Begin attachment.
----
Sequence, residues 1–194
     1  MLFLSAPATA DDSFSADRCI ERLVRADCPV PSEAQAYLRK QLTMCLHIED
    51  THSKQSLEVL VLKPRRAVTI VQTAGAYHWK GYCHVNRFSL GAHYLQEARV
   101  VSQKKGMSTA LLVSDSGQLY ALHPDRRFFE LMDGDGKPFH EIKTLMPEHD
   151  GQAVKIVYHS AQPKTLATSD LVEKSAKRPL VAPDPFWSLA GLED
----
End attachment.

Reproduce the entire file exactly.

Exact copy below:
Sequence, residues 1–194
     1  MLFLSAPATA DDSFSADRCI ERLVRADCPV PSEAQAYLRK QLTMCLHIED
    51  THSKQSLEVL VLKPRRAVTI VQTAGAYHWK GYCHVNRFSL GAHYLQEARV
   101  VSQKKGMSTA LLVSDSGQLY ALHPDRRFFE LMDGDGKPFH EIKTLMPEHD
   151  GQAVKIVYHS AQPKTLATSD LVEKSAKRPL VAPDPFWSLA GLED